I don't remember the last time I had sex without a condom. I used to take birth control pills but after 8 years I felt like it was affecting me negatively both physically and mentally, so condoms it was and to be completely honest, I'm very happy about it. I love using the latex free Skyn Originals, I'm not allergic to latex, they just feel a lot nicer, not only for me but also my partner. I think, they're smoother and thinner than other brands. We mainly use condoms because the process is a lot more hygienic, it doesn't cause any friction, we obviously don't want children just yet and we don't have to worry about possible conditions such as thrush and/or yeast infections which is something I definitely had issues with when we wouldn't use them.

Apart from always using condoms, there's a number of other things I do, simply for my own peace of mind: I always pee after sex, I have quit using tampons, I only use sanitary pads made out of actual cotton, I don't wash my underwear with softener and I like to take an oral probiotic containing Lactobacillus rhamnosus GR-1 and Lactobacillus reuteri RC14. This is an over the counter supplement you can find at your local drugstore or pharmacy. Taking probiotics honestly, was the best thing I could have done for my vagina, she went through a total transformation. Right now I mostly take them when I'm on my period, that's when I feel like I need them the most. Food I like to supplement with (if that's something you believe in I guess) are turmeric and cinnamon. Both have anti-inflammatory properties and help fight fungal and bacterial infections. I mostly just mix them in with my yoghurt in the morning, easy. I also drink tea that has relaxing and calming properties, like verbena and fennel. I don't go to the pool and I rarely take baths. Basically anything that could upset my ph levels I try to avoid as much as possible. My advice is: make your own personal self care guide, take precautions but most importantly do what works for you. These are just a couple of things that make me feel better. Don't let your vagina control or affect your personal happiness. If you like baths, take baths! Everything is going to be okay. Keeping your stress levels down really is the message here - and a bath can definitely help with that.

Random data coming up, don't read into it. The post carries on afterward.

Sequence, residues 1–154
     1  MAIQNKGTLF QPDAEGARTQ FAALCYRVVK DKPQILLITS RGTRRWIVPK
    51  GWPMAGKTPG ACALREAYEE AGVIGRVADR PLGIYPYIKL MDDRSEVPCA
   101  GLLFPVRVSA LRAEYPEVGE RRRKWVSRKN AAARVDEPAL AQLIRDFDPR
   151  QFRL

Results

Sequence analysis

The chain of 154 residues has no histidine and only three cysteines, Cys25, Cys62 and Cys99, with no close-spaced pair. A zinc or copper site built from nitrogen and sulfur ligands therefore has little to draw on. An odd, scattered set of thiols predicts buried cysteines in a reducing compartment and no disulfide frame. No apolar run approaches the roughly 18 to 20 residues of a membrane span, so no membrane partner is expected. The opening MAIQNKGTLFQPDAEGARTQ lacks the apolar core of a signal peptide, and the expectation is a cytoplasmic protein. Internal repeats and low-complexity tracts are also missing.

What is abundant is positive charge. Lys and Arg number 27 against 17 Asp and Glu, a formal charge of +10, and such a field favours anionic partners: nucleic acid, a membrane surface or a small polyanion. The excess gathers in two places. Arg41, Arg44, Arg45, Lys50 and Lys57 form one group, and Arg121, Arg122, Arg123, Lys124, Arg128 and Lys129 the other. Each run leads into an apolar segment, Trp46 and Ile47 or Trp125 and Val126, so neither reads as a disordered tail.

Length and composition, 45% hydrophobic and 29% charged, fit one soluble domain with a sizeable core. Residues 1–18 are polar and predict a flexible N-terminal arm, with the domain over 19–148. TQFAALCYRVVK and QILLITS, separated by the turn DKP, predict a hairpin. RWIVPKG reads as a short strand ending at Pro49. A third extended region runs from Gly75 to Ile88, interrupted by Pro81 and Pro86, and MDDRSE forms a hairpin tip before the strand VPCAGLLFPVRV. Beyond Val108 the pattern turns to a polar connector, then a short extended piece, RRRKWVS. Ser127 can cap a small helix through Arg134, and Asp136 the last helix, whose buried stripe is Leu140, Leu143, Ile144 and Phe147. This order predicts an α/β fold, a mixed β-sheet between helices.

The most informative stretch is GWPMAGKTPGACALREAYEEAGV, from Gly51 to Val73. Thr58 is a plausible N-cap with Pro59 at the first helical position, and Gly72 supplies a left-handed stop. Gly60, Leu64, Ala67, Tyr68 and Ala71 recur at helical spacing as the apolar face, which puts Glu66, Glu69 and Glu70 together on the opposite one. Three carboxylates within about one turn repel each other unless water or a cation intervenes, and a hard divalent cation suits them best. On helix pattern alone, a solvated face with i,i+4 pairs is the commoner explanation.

Talk To A Mental Health Counselor

Talking helps, a lot. A mental health professional really can put things into perspective. They can give tips on how to manage your stress and anxiety levels, help you regain trust and figure out what might be causing or aggravating your pelvic pain. To this day, I genuinely can't believe how much your mental health can impact your physical health. As it turns out, many of my physical symptoms are simply caused by stress and my anxiety disorder, somehow my vagina has always been the most problematic. I've undergone many physical exams with a handful of doctors and nothing was ever found, which meant that my pain was most probably psychosomatic, and it is. It hurts to hear when you're told your pelvic pain is in your head, but the truth is - that doesn't mean you're not sick or unwell. You still need (professional) help. I've been in therapy for 3 years and it is only in the past 6 months that my pelvic pain has finally subsided. If it wouldn't have gotten better, my next step would have been to book a consultation at a pelvic pain clinic but so far that hasn't been necessary. It could of course still happen - but so far, I'm happy with my therapy sessions and the support I have from my OBGYN. I still recommend talking to a mental health professional - even if you have a diagnosis from your doctor, it will help you to cope a lot easier.